Ahead of this week’s deadline to declare electoral slates, Arab-Israeli party Balad has agreed to join the other three Palestinian factions to once again run as the Joint List in Israel’s 17 September election.
Balad’s central committee yesterday voted in favour of re-entering the Joint List, an alliance of four Arab-Israeli parties formed in the run up to the 2015 election to ensure the factions passed the minimum 3.25 per cent voting threshold needed to sit in the Knesset.
The alliance broke down ahead of Israel’s April election, with the parties opting to run on two slates: Hadash-Ta’al and Ra’am-Balad. However, following disastrous voter turnout among Palestinian citizens of Israel and poor results – winning only ten seats between the two lists, three seats less than the Joint List had held since 2015 – the four parties have been working to resurrect the alliance ready for September’s do-over election.
These attempts have caused weeks of political infighting among the parties, with disagreements centring on which faction would hold the 11th and 14th position on the electoral slate. The first ten slots were reserved for those Knesset Members (MKs) who were elected in April.
The three other factions – Hadash, Ta’al and Ra’am – announced they would run together earlier on Sunday, effectively forcing Balad to declare its intention lest it risk falling below the electoral threshold if it ran alone. The motion to join the other three parties was passed with a 26-2 majority, after one party member abstained and another voted against the merger.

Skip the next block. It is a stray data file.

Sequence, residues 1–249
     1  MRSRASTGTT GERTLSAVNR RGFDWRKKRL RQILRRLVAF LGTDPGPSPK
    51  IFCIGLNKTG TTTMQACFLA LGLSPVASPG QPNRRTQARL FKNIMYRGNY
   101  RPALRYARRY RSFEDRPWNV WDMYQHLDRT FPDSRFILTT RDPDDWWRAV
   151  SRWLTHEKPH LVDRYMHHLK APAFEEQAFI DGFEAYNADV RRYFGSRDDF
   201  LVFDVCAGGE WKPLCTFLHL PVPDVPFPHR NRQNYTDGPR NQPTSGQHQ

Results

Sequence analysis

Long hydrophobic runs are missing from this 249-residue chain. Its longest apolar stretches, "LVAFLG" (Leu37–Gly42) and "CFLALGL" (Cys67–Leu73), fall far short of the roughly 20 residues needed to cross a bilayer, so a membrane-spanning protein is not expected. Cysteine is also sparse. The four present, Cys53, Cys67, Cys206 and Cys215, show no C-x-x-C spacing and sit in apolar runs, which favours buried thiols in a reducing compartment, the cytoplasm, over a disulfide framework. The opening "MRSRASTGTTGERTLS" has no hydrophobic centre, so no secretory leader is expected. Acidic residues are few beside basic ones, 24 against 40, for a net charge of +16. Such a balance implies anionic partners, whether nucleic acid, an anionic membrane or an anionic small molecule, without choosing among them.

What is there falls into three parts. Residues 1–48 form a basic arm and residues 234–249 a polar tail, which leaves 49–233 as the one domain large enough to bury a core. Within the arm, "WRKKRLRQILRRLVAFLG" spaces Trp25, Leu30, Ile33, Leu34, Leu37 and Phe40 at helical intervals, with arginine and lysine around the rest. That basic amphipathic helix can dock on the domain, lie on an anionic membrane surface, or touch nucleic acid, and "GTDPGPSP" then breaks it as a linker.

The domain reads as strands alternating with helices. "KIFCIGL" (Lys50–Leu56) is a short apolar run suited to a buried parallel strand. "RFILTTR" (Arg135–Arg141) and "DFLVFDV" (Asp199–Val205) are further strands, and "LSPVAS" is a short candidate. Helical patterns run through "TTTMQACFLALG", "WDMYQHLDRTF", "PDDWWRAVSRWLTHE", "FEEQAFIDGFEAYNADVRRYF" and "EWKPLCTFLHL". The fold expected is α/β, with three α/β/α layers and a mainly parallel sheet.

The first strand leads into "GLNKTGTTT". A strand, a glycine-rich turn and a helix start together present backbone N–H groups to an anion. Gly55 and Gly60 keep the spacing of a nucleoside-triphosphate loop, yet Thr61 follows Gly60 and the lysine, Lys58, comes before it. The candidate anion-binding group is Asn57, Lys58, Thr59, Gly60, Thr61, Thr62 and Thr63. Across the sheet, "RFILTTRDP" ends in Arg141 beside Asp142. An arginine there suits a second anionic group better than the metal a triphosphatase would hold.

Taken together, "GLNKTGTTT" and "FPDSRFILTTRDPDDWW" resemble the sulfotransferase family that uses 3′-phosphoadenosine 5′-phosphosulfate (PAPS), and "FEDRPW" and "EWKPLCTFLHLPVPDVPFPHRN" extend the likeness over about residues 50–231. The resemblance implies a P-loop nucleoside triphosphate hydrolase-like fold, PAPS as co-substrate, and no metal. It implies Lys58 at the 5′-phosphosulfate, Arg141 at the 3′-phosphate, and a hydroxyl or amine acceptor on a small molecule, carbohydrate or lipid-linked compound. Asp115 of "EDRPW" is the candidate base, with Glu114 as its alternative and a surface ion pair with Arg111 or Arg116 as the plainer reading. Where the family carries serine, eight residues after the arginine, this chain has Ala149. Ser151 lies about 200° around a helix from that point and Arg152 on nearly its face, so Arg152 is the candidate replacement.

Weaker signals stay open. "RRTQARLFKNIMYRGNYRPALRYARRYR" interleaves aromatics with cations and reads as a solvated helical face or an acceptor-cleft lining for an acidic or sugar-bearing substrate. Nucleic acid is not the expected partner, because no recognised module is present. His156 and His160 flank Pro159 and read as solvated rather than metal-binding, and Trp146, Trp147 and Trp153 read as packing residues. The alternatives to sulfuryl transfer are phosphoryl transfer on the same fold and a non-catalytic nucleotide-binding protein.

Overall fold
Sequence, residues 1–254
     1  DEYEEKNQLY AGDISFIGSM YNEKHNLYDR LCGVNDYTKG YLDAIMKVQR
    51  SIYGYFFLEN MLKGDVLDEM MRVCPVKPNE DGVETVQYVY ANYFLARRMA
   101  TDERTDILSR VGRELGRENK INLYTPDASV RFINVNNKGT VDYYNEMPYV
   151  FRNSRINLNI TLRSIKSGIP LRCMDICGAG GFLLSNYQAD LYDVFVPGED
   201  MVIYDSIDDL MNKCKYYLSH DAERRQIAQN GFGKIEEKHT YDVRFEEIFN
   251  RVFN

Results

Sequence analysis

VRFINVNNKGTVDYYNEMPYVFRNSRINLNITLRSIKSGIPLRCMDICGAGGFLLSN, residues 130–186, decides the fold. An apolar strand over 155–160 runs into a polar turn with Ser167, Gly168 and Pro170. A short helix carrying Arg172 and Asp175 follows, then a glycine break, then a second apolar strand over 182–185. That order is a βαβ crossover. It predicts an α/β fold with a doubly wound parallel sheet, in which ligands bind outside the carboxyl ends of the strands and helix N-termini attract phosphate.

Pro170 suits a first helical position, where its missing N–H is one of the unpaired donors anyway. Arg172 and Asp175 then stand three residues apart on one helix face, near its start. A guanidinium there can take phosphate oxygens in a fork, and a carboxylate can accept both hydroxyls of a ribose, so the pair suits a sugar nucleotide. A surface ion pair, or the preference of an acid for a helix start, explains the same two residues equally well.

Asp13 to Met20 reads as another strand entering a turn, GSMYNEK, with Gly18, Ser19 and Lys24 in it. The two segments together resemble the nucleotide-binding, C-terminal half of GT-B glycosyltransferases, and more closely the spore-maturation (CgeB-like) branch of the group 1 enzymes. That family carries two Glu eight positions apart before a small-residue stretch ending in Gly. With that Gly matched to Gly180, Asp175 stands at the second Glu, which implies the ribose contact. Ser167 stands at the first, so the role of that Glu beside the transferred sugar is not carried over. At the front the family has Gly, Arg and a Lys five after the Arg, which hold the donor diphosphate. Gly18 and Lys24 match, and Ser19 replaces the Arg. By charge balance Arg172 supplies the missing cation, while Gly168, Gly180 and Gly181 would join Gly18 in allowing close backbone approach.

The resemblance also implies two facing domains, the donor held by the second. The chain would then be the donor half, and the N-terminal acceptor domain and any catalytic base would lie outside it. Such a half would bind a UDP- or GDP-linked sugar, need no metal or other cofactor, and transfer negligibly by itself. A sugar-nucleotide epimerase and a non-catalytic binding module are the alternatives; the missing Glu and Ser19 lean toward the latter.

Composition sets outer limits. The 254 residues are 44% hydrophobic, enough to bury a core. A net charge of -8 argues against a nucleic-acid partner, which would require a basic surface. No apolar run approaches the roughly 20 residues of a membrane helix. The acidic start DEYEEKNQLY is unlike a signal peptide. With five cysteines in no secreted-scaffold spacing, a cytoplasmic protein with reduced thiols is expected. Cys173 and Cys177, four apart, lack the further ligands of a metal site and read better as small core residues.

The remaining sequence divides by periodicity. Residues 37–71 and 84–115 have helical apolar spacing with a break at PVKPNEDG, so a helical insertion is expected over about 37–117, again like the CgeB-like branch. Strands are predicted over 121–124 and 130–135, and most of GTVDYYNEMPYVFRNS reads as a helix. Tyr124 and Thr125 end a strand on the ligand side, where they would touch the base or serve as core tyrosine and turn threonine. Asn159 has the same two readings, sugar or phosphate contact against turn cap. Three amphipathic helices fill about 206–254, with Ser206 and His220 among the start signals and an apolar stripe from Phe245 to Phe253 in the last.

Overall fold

It is not yet clear who will head the newly-confirmed Joint List, though veteran MK Ayman Odeh is expected to hold on to the top slot. The deadline to declare the slates is set for Thursday.
Whether the move will be enough to inspire Palestinian citizens of Israel to head to the polls is, however, debatable. After April’s dire performance many Palestinian citizens have expressed anger and frustration at the Joint List, accusing its MKs of putting personal interests ahead of the needs of the community. The infighting which has characterised the Joint List’s resurrection will have done little to dispel this perception and leaves the alliance with little over six weeks to campaign before 17 September.